MMAE Seminar: Anisotropic Particles in Turbulent Shear Flow by Prof. Alfredo Soldati, TU Wien

Illinois Institute of Technology’s Department of Mechanical, Materials, and Aerospace Engineering welcomes Alfredo Soldati, professor of fluid mechanics and director of the Institute of Fluid Mechanics and Heat Transfer at TU Wien, to present a lecture, titled “Anisotropic Particles in Turbulent Shear Flow,” on Wednesday, November 16, from 3:30–4:30 p.m. in Room 104 of the John T. Rettaliata Engineering Center.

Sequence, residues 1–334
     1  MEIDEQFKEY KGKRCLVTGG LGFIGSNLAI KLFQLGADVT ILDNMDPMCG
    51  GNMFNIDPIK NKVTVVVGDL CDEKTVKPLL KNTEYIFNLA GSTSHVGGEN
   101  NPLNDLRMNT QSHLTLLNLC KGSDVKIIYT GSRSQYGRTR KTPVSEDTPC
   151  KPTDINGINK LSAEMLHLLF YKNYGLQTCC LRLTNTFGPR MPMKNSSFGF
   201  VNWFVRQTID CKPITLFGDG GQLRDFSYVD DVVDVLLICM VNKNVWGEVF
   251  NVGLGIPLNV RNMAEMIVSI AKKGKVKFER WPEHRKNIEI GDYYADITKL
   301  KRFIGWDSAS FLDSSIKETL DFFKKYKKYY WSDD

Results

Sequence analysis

Turbulent flows with suspended anisotropic particles of non-spherical shape are a common occurrence in many industrial (e.g. papermaking, pharmaceutical processing, soot emission) and natural processes (e.g. pollen species, icy clouds, and plankton and marine snow). But there are many different ways for particles to be anisotropic so that many investigations have focused on the simpler but rich problem of small ellipsoidal particles translating, orienting, and rotating turbulent flows (Voth & Soldati, Anisotropic particles in Turbulence, Annu. Rev. Fluid Mech., 2017). However, current awareness of the anthropogenic oceanic pollution with plastic microfibres that are elongated and non-axisymmetric, demands for better understanding of fibre interaction with turbulent flows. In this talk, we will briefly review the models used to describe the dynamics of small ellipsoidal particles in turbulence, and then we will add a further complexity consisting on allowing the elongated particles to be slightly curved. We will present a series of experiments focusing on the dynamics of non-axisymmetric—quasistraight to slightly curved—fibres. Experiments are done in the TU Wien Turbulent Water Channel at Re  = 180; 360, and 720, and fibre lengths range from about 1 up to 20 Kolmogorov length scales. Their aspect ratio ranges from 40 to 120. In these flow conditions particles are neutrally buoyant, inertia-less, and rigid. We will highlight the effect of curvature of slender fibres on spinning and tumbling rates and we will propose conceptual models and scalings laws.